The U.S. Food and Drug Administration issued a warning that the potentially dangerous eye drops and decongestants – including a wide range of brand-name and generic varieties – don’t come in child-resistant packages, and can sicken children.
The medicines in both types of product cause blood vessels to constrict. While harmless when used as directed, less than a fifth of a teaspoon can send children to the hospital, or even put them in a coma.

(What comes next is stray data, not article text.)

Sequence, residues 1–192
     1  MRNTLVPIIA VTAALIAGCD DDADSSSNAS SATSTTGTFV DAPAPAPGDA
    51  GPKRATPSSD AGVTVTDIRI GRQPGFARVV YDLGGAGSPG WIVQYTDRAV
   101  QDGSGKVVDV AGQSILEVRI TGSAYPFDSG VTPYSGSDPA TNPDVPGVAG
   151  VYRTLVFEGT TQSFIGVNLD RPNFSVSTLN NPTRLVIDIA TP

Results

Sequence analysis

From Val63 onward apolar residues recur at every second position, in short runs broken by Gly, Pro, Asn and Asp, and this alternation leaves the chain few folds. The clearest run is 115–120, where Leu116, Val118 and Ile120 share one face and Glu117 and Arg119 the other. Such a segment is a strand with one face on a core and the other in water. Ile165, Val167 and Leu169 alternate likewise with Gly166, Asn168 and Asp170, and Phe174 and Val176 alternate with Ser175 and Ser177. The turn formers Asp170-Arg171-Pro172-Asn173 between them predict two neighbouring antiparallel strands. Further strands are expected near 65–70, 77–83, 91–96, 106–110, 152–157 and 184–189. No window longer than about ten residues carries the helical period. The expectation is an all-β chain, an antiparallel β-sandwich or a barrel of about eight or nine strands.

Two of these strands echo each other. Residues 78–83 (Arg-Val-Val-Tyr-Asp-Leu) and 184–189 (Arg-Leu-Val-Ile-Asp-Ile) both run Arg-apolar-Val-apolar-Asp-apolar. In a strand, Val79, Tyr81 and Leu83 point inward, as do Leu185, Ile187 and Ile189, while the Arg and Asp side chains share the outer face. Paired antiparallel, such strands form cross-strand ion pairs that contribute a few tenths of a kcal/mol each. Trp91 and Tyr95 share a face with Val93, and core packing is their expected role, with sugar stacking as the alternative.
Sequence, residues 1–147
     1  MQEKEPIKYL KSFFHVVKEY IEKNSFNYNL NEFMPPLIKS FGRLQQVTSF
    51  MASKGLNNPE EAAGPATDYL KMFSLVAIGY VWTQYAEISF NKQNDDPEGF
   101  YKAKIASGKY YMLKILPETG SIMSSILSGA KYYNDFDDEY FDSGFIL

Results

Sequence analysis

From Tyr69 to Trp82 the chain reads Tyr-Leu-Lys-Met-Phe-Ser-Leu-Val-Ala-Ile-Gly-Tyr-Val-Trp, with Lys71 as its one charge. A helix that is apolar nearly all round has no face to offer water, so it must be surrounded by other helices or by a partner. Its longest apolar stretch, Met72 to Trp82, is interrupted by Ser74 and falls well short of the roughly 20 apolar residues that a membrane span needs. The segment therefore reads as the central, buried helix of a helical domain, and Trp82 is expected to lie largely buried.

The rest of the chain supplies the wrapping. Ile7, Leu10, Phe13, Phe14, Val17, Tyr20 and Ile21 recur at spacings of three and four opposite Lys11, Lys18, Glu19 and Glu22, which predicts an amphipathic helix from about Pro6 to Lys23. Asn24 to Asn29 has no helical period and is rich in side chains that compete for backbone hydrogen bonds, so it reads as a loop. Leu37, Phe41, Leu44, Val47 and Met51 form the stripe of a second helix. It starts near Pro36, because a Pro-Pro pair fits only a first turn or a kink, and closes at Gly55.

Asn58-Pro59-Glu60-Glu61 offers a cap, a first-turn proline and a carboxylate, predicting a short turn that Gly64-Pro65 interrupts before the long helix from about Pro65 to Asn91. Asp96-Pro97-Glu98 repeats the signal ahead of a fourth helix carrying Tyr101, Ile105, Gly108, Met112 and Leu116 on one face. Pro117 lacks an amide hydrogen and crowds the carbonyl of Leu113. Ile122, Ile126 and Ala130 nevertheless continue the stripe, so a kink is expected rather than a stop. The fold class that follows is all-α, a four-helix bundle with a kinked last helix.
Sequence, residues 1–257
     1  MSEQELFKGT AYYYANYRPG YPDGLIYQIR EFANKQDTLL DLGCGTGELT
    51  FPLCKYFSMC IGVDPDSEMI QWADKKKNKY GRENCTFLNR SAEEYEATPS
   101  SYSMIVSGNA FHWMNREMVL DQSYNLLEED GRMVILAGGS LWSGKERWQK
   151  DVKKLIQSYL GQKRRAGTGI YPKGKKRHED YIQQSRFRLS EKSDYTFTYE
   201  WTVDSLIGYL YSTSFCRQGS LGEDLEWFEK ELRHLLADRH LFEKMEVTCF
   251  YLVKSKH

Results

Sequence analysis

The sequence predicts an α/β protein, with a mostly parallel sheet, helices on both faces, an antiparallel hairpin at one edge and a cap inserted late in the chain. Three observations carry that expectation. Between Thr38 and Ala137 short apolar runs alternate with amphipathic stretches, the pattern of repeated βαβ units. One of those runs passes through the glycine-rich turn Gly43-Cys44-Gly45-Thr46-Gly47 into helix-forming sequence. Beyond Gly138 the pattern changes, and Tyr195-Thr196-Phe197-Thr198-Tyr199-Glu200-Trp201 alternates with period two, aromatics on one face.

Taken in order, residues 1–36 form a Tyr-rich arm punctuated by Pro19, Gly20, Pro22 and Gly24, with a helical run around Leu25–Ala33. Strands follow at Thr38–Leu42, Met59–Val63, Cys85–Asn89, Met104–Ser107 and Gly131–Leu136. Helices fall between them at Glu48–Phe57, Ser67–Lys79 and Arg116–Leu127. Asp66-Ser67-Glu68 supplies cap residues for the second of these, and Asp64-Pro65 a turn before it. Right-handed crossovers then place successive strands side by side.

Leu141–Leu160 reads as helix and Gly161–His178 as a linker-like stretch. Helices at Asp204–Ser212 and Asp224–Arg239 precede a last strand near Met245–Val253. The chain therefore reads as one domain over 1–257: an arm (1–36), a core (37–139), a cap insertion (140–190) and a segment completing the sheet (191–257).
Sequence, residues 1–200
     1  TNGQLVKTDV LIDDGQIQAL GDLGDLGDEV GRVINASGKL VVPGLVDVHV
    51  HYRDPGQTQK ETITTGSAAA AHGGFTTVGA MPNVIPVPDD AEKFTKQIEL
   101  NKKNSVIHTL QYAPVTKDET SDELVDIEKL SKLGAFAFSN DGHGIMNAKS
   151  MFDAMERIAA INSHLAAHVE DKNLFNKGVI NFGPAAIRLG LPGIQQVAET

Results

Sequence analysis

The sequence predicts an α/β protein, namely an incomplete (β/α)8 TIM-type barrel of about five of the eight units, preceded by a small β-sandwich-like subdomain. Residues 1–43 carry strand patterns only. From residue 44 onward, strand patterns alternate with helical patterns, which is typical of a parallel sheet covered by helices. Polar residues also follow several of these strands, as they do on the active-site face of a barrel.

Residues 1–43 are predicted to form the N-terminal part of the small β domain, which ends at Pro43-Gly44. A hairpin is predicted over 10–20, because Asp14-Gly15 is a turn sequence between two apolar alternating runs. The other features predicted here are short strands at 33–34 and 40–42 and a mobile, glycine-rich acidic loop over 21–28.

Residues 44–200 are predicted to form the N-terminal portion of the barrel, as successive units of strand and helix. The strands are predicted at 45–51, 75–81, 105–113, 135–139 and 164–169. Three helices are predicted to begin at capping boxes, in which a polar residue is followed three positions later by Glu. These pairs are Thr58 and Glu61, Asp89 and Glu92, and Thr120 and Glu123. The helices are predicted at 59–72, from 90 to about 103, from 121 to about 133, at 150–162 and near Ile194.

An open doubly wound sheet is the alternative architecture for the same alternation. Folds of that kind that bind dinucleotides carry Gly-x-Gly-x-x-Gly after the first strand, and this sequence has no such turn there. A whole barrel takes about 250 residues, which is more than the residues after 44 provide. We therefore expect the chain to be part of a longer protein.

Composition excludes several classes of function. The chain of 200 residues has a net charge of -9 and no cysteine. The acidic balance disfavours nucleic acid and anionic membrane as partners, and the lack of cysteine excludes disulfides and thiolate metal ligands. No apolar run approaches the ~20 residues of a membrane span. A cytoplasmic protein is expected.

And according to a U.S. Consumer Product Safety Commission briefing paper, can occur in as little as one hour.
Parents who don’t realize the risk often leave the products within reach of children. The CPSC says that from 1997 through 2009, eye drops injured more than 4,500 children under the age of 5 and nasal sprays injured more than 1,100.
The injury reports show that children can easily open the products, because they generally do not have child safety caps.
If your child was hospitalized after accidentally ingesting eye drops or nasal spray, contact Lopez McHugh for a free case evaluation, or if you have any questions.